1 billion tons of lava sparks bloom in the northern Pacific Ocean


Volcanoes are often feared for their destructive power, but a new study reminds us that they can promote new growth.

A year ago, in July, researchers from the USC Dornsife College of Letters, Arts and Sciences and the University of Hawaii rushed on a boat for the famous Hawaii Vulcano K? Lauea to collect samples of the surrounding northern Pacific Ocean. They were trying to determine why so many algae had started to grow in the water as they poured around 1 billion tons of hot lava.

Looking at the satellite photos of the NASA eruption, the scientists noticed that the ocean water around the volcano was turning green. The satellite had detected enormous amounts of chlorophyll, the green pigment of algae and other plants that convert light into energy.

The new study, published September 5 in the journal Science, shows that the green plume in the ocean around the volcano contained the perfect cocktail for plant growth – a fertile mix of higher levels of nitrates, silicic acid, iron and phosphate.

"There was no reason for us to expect an algae bloom like this to happen," said the geochemist Seth John, assistant professor of Earth sciences at USC Dornsife and author of the study. "Lava contains no nitrates".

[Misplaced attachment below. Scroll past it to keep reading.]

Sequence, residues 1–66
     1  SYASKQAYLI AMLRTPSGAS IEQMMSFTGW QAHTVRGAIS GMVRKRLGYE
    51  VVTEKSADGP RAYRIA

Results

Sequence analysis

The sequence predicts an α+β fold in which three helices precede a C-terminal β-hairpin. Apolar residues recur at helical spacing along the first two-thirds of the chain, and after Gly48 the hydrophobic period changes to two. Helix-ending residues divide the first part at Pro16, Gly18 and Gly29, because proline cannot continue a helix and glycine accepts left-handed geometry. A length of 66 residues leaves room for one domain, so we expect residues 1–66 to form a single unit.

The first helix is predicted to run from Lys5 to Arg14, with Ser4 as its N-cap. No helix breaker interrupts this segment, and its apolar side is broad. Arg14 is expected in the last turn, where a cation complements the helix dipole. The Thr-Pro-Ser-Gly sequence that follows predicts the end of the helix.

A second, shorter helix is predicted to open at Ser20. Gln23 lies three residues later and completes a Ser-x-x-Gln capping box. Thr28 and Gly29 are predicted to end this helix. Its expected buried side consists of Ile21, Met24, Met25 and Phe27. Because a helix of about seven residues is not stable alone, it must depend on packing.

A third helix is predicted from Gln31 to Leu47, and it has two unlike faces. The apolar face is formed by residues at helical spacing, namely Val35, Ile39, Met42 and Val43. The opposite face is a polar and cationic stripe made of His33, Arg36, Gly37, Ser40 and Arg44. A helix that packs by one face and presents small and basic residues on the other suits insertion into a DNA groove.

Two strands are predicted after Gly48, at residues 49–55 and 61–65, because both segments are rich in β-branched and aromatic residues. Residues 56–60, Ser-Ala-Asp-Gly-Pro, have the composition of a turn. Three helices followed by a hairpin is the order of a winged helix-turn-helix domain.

How the eruption of K? Lauea has triggered the flowering of algae

Nitrogen is a natural fertilizer for plants, even on the ground. In such rich conditions, the algae bloom exploded, expanding up to hundreds of miles in the Pacific Ocean, the researchers said.

"Usually, whenever an alga grows and divides, it is immediately eaten up by other plankton," said Nicholas Hawco, a researcher at the USC post-doctoral study Dornsife. "The only way to get this bloom is if it's an imbalance."

The researchers believe that the nitrogen has probably been awakened from the deep ocean. As hot lava poured in, it forced a cooler, deeper ocean water source. When the water rose, it carried nitrogen and other particles on the surface that helped the algae grow.

"Along the entire California coast, there is a regular recovery," John said. "All the algae beds and sea creatures that populate those ecosystems are basically driven by those currents that absorb nutrients from deep water to the surface. This is essentially the same process we saw in Hawaii, but faster. "

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